As always, Robert Embry has a full grasp of the barriers that prevent those with expertise to teach in our classrooms ("Maryland must remove barriers to attracting quality teachers," Feb. 1). Pay is certainly a reason, but more importantly the requirement of certain courses in order to be certified. Fifty years ago when I came to Maryland to teach, my salary was frozen because I lacked a "methods" course, even though my transcript showed a course of "principles and practices" of my discipline.
TRAVEL
By Chicago Tribune | April 6, 2008
The Vanderbilt mansion known as the Breakers in Newport, R.I., is one of the architectural treasures featured in "Wright Way New England: Newport to New Hampshire." Offered by the Frank Lloyd Wright Preservation Trust, the June 18-21 tour also targets Victorian and modern architecture in Boston's Back Bay neighborhood; Frank Lloyd Wright's Zimmerman House in Manchester, N.H.; and a 1938 house in Lincoln, Mass., designed by Walter Gropius. The $1,895 fee covers three nights' lodging, several meals, entrance fees and motor-coach transportation during the tour.
NEWS
By Marion Winik and Marion Winik,Los Angeles Times | August 26, 2007
Loving Frank Nancy Horan Ballantine Books / 384 pages / $23.95 If the true events on which Loving Frank is based were as well known as the Wizard of Oz story, Nancy Horan's novel would be its Wicked - the retelling of a tale about a villainess who is really a heroine following the dictates of her heart at any cost. Like Gregory Maguire's story about L. Frank Baum's character the Wicked Witch of the West, Loving Frank argues that the issue is not good versus evil but true morality versus conformism - though real evil does make a dramatic appearance.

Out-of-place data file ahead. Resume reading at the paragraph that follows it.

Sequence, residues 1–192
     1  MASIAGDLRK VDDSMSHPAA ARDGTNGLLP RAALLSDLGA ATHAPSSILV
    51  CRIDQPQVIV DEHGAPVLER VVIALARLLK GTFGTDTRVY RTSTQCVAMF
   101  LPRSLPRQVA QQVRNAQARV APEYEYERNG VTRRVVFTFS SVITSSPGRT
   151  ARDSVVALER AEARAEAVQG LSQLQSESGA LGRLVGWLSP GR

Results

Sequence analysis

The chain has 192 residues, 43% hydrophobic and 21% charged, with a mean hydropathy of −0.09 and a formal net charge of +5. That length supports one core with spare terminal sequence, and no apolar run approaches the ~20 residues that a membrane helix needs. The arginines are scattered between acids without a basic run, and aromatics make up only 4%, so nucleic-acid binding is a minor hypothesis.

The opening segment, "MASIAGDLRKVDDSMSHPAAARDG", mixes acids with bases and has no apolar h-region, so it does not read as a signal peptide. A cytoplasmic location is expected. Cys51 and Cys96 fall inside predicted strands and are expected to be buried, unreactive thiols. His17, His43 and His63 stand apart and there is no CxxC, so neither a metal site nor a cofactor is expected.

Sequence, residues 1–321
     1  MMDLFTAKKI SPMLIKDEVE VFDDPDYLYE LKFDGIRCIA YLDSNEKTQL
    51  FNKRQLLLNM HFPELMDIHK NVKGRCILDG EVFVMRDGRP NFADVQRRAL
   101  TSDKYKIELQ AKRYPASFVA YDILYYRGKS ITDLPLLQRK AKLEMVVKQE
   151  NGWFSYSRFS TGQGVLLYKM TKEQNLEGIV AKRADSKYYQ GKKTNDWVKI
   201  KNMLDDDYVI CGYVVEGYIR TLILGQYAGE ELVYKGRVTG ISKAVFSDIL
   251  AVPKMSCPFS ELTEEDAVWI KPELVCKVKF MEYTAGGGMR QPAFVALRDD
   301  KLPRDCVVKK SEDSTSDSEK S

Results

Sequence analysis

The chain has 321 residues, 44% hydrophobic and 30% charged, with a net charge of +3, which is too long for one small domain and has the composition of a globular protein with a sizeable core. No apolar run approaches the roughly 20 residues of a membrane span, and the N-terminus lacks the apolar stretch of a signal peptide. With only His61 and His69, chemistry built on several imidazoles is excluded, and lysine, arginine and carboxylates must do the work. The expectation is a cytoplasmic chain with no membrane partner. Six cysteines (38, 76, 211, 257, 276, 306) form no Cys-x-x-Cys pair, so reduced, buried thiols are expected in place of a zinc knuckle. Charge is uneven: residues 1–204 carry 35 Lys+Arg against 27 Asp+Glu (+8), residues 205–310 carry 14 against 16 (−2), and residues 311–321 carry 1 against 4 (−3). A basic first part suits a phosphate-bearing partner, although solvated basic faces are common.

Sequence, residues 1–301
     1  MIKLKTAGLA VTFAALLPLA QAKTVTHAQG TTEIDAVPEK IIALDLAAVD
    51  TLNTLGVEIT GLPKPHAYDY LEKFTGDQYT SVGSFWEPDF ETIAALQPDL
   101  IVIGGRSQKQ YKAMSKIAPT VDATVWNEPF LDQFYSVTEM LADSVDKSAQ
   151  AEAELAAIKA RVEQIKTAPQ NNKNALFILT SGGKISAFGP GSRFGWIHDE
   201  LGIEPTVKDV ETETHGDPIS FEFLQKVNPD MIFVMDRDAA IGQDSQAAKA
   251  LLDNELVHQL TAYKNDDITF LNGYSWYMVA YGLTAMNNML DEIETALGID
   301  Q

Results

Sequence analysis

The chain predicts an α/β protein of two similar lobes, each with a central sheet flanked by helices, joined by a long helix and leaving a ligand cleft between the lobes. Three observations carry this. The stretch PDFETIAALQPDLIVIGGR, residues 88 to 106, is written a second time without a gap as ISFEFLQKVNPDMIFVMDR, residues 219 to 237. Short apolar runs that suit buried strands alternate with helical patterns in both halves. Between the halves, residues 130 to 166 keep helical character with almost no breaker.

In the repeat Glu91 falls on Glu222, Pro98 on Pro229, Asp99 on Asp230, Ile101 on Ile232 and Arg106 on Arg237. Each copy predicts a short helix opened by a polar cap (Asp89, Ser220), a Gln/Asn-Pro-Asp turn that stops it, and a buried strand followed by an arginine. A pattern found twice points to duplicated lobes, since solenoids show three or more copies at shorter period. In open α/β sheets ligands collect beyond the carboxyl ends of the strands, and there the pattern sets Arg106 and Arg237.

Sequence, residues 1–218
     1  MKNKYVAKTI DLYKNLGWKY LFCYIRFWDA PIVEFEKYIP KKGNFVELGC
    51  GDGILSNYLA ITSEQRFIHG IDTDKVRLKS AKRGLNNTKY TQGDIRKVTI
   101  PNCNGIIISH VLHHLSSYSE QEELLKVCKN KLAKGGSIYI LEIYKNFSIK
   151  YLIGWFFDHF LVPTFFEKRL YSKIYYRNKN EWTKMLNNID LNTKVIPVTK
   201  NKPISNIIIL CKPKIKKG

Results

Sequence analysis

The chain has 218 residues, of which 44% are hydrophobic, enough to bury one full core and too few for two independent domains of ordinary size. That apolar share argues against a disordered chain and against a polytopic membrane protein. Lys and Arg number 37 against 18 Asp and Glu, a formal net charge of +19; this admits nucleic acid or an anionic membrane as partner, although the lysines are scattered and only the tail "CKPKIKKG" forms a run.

FEATURES
By CHARLYNE VARKONYI SCHAUB and CHARLYNE VARKONYI SCHAUB,SOUTH FLORIDA SUN-SENTINEL | May 6, 2006
HIGH POINT, N.C. -- Furniture manufacturers are betting we're so fed up with technology and mass-produced goods that we will want to put our money on the Simple Life. This yearning for a vanishing lifestyle has nothing to do with Nicole Richie and Paris Hilton. It has everything to do with the Arts & Crafts Movement that made Gustav Stickley, Frank Lloyd Wright and Greene & Greene household names. The most repeated mantra at the International Home Furnishings Market that ended here Wednesday was the simple lines and fine craftsmanship of Arts & Crafts and Mission furniture.
TRAVEL
By MEREDITH COHN and MEREDITH COHN,SUN REPORTER | October 23, 2005
A monthly series about weekend escapes for $500 or less. Tucked away in the mountains of Western Pennsylvania are two houses that the modern homeowner might not want to live in, but hundreds a day want to see. They are two of famed architect Frank Lloyd Wright's designs: Fallingwater and the lesser-known Kentuck Knob. The houses have no basements, attics or garages because Wright said such things encourage clutter. And the kitchens seem like afterthoughts, probably because Wright didn't cook.
ENTERTAINMENT
By Justin Davidson and Justin Davidson,NEWSDAY | October 24, 2004